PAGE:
Canada’s Pipeline Powerhouse: Is Enbridge’s Yield Too Good to Ignore?

Enbridge generates stable cash flows to support a safe and high dividend yield, which could appeal to income investors.

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Enbridge (TSX:ENB) is Canada’s pipeline powerhouse. The energy infrastructure company is one of the largest in North America, with a market cap of over $100 billion. It consists of four key franchises: liquids pipelines, gas distribution, gas transmission and midstream, and renewables.

It’s sort of like a utility with a low-risk profile. The pipeline operator has demonstrated its ability to generate resilient cash flows through the market cycle. For instance, through the global financial crisis of 2007–08, the commodity price collapse in 2014, and the COVID pandemic year of 2020, its cash flows were either stable or growing.

Notably, its diversified cash flow streams are primarily contracted or under cost-of-service regulation and come from investment-grade customers. Furthermore, about 80% of its cash flows have inflation protection.

Is Enbridge stock’s yield too good to ignore?

Enbridge is one of the top dividend stocks on the TSX. It has a stellar dividend-paying track record. In fact, it has paid out common stock dividends for about 70 years and increased this dividend for approximately 27 consecutive years. Its 10-, 15-, and 20-year dividend growth rates are 11–12%. However, you’ll notice that its more recent dividend increases have been lower. For example, one-, three-, and five-year dividend growth rates are about 3%, 5%, and 7%, respectively.

As the company has matured, its dividend growth has declined, but its dividend yield has climbed higher. For example, 20 years ago, investors would have bought the stock at a yield of about 3.8%. Today, the blue chip stock offers a much bigger dividend. At $47.37 per share at writing, ENB provides an eye-popping dividend yield of 7.7%, which is hard to beat.

Enbridge’s year-to-date payout ratio is sustainable at approximately 66% of its distributable cash flow, which is the metric management uses to assess the company performance and set its dividend payout target.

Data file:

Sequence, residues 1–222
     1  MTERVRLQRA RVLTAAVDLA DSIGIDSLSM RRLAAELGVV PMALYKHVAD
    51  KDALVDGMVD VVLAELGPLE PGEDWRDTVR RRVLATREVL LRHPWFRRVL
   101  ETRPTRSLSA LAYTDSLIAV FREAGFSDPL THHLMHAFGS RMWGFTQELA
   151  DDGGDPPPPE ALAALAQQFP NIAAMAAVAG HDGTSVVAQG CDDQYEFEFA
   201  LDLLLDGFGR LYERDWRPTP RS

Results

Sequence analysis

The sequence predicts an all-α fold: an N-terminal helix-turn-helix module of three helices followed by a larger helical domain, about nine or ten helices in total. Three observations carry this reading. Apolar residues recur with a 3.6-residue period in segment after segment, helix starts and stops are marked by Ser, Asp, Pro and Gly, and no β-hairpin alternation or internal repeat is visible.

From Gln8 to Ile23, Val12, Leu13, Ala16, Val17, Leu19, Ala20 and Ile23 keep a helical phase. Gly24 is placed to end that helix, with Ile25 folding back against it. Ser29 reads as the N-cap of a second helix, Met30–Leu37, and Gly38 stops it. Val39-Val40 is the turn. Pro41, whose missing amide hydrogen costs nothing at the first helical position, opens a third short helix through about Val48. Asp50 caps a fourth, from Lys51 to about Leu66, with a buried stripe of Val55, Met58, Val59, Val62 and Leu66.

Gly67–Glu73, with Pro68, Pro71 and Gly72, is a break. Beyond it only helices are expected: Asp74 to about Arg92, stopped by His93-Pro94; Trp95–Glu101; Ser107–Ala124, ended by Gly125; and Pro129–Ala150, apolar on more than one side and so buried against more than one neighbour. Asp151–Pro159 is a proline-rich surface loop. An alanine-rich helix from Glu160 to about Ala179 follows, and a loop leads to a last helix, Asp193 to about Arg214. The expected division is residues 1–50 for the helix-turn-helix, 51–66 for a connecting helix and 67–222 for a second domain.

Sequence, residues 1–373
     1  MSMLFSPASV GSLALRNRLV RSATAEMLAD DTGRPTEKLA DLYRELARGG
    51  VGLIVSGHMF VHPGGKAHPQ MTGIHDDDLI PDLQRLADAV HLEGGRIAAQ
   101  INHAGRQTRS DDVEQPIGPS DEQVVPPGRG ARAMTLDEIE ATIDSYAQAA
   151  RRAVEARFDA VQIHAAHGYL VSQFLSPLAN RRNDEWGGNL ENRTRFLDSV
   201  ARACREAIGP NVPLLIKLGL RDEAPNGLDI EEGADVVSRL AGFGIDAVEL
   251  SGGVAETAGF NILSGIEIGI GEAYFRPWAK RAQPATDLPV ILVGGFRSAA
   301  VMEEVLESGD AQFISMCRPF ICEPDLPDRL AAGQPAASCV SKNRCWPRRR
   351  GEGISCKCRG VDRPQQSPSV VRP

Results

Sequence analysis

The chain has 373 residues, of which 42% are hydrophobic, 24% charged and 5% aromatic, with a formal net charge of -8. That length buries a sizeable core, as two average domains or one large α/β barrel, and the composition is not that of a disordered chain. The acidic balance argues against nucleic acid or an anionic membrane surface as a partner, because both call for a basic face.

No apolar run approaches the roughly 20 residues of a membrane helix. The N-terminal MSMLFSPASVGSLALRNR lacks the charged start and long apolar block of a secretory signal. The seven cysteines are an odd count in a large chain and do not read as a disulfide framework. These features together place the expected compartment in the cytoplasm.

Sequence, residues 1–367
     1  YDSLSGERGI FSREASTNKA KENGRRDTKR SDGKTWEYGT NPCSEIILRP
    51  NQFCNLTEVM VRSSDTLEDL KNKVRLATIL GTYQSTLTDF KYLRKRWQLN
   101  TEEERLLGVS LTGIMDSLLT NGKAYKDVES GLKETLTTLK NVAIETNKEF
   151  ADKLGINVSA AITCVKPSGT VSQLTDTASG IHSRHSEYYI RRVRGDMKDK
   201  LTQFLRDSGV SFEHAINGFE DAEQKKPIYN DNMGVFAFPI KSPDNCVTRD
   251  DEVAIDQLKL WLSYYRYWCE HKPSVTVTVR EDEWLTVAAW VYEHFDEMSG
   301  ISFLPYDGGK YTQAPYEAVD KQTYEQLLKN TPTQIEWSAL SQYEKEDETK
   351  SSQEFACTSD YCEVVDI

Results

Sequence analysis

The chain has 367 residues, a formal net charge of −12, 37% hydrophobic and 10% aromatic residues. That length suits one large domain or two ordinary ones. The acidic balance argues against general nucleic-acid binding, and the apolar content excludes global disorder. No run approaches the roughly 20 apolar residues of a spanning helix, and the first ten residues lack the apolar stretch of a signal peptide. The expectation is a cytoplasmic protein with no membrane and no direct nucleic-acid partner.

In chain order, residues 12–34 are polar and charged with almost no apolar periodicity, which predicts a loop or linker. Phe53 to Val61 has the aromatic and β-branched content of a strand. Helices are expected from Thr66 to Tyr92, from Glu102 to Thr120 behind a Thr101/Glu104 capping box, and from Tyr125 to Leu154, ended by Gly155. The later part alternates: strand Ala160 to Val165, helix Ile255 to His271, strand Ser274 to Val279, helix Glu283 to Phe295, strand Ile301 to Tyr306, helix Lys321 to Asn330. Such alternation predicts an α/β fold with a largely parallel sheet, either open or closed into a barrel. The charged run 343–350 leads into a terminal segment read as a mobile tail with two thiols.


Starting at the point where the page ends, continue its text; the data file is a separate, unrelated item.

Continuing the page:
So, Enbridge stock is a good consideration for investors who need current income, as long as you can accept the lower dividend growth, which will, at worst, be around 3%.

Recent results and outlook

So far, Enbridge has reported results up to the third quarter of this year. Year to date, its adjusted EBITDA, a cash flow proxy, has increased by 6.3% to $12.3 billion, while its distributable cash flow increased by 2.6% to $8.5 billion. Management doesn’t expect any surprises for the fourth quarter. The company also anticipates its debt-to-EBITDA ratio to be below its target range of 4.5 to 5 times. As well, Enbridge earns an investment-grade S&P credit rating of BBB+.

Enbridge also provided its 2024 financial guidance at the end of November. Specifically, the top energy stock anticipates adjusted EBITDA growth of approximately 4% to $16.6–$17.2 billion, distributable cash flow per share growth of about 3% to $5.40–$5.80, and dividend growth of about 3% to $3.66. Thanks to gas utility assets acquired that Enbridge expects to be accretive to its distributable cash flow per share in 2025, its dividend growth could improve to about 5% then.

According to TMX, the recent 12-month consensus analyst price target of $50.48 per share suggests the stock is fairly valued. Assuming no price appreciation and a 3% growth rate, investors can approximate long-term total returns of about 10.7%.

This article represents the opinion of the writer, who may disagree with the “official” recommendation position of a Motley Fool premium service or advisor. We’re Motley! Questioning an investing thesis — even one of our own — helps us all think critically about investing and make decisions that help us become smarter, happier, and richer, so we sometimes publish articles that may not be in line with recommendations, rankings or other content.

Fool contributor Kay Ng has no position in any of the stocks mentioned. The Motley Fool recommends Enbridge and TMX Group. The Motley Fool has a disclosure policy.

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